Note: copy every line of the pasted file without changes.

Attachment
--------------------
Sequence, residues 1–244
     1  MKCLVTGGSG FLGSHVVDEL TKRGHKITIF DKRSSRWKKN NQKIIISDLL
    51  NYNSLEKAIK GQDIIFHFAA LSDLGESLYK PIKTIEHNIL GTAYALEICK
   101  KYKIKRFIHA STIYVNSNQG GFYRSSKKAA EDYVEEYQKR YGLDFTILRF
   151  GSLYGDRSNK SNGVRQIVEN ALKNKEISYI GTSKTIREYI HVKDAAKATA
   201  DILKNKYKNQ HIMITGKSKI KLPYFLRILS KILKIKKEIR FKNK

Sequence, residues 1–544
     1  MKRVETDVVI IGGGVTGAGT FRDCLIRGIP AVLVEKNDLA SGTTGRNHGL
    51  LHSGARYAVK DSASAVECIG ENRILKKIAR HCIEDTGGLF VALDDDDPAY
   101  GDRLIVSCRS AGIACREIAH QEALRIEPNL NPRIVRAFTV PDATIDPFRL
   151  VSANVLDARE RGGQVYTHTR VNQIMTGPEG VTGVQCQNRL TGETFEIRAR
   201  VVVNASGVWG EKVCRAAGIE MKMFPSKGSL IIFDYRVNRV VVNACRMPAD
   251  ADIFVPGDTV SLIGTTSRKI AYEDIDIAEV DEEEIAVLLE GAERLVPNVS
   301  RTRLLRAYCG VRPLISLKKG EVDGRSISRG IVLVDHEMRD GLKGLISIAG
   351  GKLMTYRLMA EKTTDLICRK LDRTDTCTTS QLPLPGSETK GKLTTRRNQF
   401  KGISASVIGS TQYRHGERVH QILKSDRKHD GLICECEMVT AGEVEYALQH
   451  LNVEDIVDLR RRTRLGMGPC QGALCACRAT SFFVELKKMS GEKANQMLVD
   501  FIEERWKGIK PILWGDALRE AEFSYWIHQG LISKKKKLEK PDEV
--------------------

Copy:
Sequence, residues 1–244
     1  MKCLVTGGSG FLGSHVVDEL TKRGHKITIF DKRSSRWKKN NQKIIISDLL
    51  NYNSLEKAIK GQDIIFHFAA LSDLGESLYK PIKTIEHNIL GTAYALEICK
   101  KYKIKRFIHA STIYVNSNQG GFYRSSKKAA EDYVEEYQKR YGLDFTILRF
   151  GSLYGDRSNK SNGVRQIVEN ALKNKEISYI GTSKTIREYI HVKDAAKATA
   201  DILKNKYKNQ HIMITGKSKI KLPYFLRILS KILKIKKEIR FKNK

Sequence, residues 1–544
     1  MKRVETDVVI IGGGVTGAGT FRDCLIRGIP AVLVEKNDLA SGTTGRNHGL
    51  LHSGARYAVK DSASAVECIG ENRILKKIAR HCIEDTGGLF VALDDDDPAY
   101  GDRLIVSCRS AGIACREIAH QEALRIEPNL NPRIVRAFTV PDATIDPFRL
   151  VSANVLDARE RGGQVYTHTR VNQIMTGPEG VTGVQCQNRL TGETFEIRAR
   201  VVVNASGVWG EKVCRAAGIE MKMFPSKGSL IIFDYRVNRV VVNACRMPAD
   251  ADIFVPGDTV SLIGTTSRKI AYEDIDIAEV DEEEIAVLLE GAERLVPNVS
   301  RTRLLRAYCG VRPLISLKKG EVDGRSISRG IVLVDHEMRD GLKGLISIAG
   351  GKLMTYRLMA EKTTDLICRK LDRTDTCTTS QLPLPGSETK GKLTTRRNQF
   401  KGISASVIGS TQYRHGERVH QILKSDRKHD GLICECEMVT AGEVEYALQH
   451  LNVEDIVDLR RRTRLGMGPC QGALCACRAT SFFVELKKMS GEKANQMLVD
   501  FIEERWKGIK PILWGDALRE AEFSYWIHQG LISKKKKLEK PDEV